AHIP questions excessive fees

March 1, 2013

Extreme out of network fees and lack of transparency are threats to affordable care

A key element in the changing healthcare landscape must be greater pricing transparency. To that end, America’s Health Insurance Plans (AHIP) has released data compiled by Dyckman & Associates showing tremendous disparities between the fees in-network providers receive from Medicare and the fees out-of-network providers charge to individual patients.
In some cases, the fees are staggering.  Health plans and members might receive a bill for services that are charged at 10, 20 or even 100 times higher than Medicare rates for the same service in the same geographic area.

Price gouging
For example, one New York physician billed an individual patient $115,625 for lumbar spinal fusion, which is more than 60 times what that physician would be paid under Medicare.
“In the public debate over what is driving healthcare costs, the focus is always on how much are insurers paying and covering compared to the underlying charges,” says AHIP spokesperson Susan Pisano. “In our estimation, the issue [of out-of-network charges] has been a hidden threat to affordability for consumers who want to have the benefits of a network but also would like to have the option of going out of network for care.”
Moreover, as employers increasingly offer-and more individuals purchase-high-deductible consumer-directed health coverage, the need for such cost data will only continue to grow. After all, only when transparent pricing data is readily available to consumers can they fully understand the financial implications of the treatment they are choosing. All stakeholders want to get away from today’s environment where consumers are insulated from the true cost of care.
“Consumers often access out-of-network services without fully understanding what the charges for those services will be or their out-of-pocket exposure,” says Robin Gelburd, president of FAIR Health, Inc., a not-for-profit provider of health pricing information based in New York. “Making cost information available on the front end allows consumers to juxtapose their in-network verses out-of-network financial responsibility up front.”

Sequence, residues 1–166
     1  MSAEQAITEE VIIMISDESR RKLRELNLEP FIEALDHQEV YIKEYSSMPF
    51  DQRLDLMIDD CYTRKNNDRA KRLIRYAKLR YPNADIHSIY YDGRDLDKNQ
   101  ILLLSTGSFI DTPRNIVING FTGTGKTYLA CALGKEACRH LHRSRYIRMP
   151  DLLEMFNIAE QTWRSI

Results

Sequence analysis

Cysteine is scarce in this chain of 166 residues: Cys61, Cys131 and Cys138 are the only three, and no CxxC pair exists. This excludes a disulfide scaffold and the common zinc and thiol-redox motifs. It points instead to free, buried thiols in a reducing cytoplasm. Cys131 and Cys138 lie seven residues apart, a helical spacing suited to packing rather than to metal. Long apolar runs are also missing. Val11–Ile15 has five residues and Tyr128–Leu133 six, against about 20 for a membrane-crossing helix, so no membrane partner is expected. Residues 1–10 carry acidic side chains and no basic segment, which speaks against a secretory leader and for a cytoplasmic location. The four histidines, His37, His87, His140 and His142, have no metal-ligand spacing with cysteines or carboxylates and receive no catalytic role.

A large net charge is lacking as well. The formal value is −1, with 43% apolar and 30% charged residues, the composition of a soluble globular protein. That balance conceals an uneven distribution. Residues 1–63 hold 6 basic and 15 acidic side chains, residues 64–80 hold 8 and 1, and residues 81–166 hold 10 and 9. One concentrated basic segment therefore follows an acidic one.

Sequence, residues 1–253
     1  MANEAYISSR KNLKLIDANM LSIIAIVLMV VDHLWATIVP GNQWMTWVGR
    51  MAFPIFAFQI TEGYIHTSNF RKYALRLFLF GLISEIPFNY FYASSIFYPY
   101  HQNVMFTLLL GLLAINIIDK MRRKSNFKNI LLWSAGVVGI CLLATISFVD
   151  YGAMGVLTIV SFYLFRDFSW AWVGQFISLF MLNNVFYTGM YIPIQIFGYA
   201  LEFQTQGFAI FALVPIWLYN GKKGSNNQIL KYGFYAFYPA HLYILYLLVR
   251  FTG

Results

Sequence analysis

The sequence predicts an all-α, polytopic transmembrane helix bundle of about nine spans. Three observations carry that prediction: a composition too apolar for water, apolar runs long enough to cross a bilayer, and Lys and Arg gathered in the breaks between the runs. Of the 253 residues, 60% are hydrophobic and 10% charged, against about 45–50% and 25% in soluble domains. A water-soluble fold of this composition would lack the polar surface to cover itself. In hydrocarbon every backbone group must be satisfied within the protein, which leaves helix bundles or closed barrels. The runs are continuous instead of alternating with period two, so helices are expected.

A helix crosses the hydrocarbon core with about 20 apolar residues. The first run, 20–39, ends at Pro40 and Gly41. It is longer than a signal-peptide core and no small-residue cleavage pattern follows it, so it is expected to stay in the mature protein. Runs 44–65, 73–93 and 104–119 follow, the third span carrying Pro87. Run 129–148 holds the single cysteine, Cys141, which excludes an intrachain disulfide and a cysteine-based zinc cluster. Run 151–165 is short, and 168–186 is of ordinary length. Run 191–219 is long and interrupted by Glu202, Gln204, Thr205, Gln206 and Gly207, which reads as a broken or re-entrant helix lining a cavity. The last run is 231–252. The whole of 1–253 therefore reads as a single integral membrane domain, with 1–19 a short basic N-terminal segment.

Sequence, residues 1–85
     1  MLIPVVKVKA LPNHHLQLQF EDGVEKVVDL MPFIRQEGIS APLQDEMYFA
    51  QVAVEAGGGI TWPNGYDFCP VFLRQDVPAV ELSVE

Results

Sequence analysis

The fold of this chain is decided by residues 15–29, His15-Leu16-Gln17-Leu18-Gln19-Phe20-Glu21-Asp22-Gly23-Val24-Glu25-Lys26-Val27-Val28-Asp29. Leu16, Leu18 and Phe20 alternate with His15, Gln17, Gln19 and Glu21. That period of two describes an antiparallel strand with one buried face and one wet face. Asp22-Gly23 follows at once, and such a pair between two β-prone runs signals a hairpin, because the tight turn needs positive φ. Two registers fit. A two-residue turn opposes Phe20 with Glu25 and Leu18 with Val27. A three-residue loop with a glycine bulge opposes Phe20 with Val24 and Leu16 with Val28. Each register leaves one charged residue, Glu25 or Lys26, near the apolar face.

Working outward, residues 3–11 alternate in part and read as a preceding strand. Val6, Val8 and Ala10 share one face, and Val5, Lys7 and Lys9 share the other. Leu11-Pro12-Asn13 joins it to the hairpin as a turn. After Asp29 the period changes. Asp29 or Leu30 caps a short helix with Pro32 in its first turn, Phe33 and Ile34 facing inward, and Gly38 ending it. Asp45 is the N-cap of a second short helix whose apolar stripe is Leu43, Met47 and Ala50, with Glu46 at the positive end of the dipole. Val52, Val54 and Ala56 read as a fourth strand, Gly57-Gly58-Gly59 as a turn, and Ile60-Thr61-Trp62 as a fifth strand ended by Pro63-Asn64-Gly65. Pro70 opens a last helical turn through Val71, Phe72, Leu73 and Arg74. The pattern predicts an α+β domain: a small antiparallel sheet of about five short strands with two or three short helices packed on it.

For example, if a consumer is facing surgery and must decide between an in-network surgeon and an out-of-network surgeon, comparative information provides a critical element of the decision-making process. It also provides a starting point for conversations with out-of-network providers with the goal of reducing the out-of-pocket cost of the procedure before the patient receives care.
FAIR Health specifically tracks usual and customary charges by service and geographic area.

Less work for plans
From health plans’ perspective, when patients are prepared and knowledgeable about costs before they receive care from out-of-network providers, the resulting bills and charges are much less likely to become contentious. When individuals are confused and frustrated about the size of charges and do not understand why their health plan is not paying those bills, “that can cost health plans a lot of administrative time spent sorting out these situations,” says Gelburd.
As more pricing data becomes available from various sources, health plans can play a role in making that data available to customers, evaluating the validity of that data and various providers and sources, and communicating to customers how and why they should be using the pricing information.
For example, health plans can incorporate a glossary of common terms used in billing and pricing information and maintain continuously updated pricing information for use in Web-based tools that help consumers to compare in-network and out-of-network costs before choosing providers.